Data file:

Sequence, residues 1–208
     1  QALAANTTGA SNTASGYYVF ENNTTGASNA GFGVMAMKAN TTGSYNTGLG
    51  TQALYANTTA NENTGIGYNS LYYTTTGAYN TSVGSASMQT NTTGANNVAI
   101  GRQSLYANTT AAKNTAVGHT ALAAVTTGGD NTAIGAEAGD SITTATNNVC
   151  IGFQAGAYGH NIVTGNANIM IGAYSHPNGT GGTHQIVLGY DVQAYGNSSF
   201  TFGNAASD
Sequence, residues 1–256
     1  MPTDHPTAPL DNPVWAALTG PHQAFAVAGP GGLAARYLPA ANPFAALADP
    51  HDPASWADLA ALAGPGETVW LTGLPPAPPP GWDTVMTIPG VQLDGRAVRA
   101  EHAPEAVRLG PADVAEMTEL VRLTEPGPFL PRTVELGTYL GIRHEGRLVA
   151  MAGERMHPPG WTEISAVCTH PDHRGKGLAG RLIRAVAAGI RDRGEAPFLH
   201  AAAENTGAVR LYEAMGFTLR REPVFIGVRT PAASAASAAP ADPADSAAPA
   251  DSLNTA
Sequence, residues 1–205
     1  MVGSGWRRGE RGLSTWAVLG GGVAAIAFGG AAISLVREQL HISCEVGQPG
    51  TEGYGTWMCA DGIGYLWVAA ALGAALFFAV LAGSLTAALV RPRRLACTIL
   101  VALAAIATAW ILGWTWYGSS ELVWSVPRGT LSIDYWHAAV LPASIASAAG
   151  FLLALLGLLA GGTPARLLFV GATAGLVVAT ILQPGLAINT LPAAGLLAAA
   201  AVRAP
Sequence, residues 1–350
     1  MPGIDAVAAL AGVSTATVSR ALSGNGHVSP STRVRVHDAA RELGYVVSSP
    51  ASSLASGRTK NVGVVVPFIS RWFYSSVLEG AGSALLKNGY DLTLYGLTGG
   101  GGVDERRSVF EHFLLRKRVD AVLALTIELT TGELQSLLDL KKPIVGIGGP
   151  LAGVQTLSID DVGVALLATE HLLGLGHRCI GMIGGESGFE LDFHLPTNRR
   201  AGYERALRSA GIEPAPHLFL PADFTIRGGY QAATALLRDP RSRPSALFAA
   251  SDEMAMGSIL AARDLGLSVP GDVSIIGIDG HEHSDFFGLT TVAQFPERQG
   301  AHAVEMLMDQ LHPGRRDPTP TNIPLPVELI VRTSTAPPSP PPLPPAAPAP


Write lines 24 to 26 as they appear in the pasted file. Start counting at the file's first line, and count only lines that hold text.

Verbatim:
   151  LAGVQTLSID DVGVALLATE HLLGLGHRCI GMIGGESGFE LDFHLPTNRR
   201  AGYERALRSA GIEPAPHLFL PADFTIRGGY QAATALLRDP RSRPSALFAA
   251  SDEMAMGSIL AARDLGLSVP GDVSIIGIDG HEHSDFFGLT TVAQFPERQG